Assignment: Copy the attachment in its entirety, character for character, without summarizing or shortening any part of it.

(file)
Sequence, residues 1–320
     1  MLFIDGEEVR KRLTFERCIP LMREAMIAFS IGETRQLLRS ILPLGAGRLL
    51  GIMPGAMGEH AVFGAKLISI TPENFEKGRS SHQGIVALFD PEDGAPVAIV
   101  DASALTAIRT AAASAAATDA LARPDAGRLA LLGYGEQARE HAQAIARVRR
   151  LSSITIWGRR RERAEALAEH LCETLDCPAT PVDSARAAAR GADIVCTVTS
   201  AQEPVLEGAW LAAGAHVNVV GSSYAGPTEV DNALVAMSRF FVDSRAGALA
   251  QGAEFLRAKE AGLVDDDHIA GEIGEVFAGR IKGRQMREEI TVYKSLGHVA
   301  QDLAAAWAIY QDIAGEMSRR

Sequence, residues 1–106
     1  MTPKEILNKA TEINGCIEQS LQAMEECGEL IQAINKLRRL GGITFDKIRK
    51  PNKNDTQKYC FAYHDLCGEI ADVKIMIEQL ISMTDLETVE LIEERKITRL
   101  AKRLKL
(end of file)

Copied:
Sequence, residues 1–320
     1  MLFIDGEEVR KRLTFERCIP LMREAMIAFS IGETRQLLRS ILPLGAGRLL
    51  GIMPGAMGEH AVFGAKLISI TPENFEKGRS SHQGIVALFD PEDGAPVAIV
   101  DASALTAIRT AAASAAATDA LARPDAGRLA LLGYGEQARE HAQAIARVRR
   151  LSSITIWGRR RERAEALAEH LCETLDCPAT PVDSARAAAR GADIVCTVTS
   201  AQEPVLEGAW LAAGAHVNVV GSSYAGPTEV DNALVAMSRF FVDSRAGALA
   251  QGAEFLRAKE AGLVDDDHIA GEIGEVFAGR IKGRQMREEI TVYKSLGHVA
   301  QDLAAAWAIY QDIAGEMSRR

Sequence, residues 1–106
     1  MTPKEILNKA TEINGCIEQS LQAMEECGEL IQAINKLRRL GGITFDKIRK
    51  PNKNDTQKYC FAYHDLCGEI ADVKIMIEQL ISMTDLETVE LIEERKITRL
   101  AKRLKL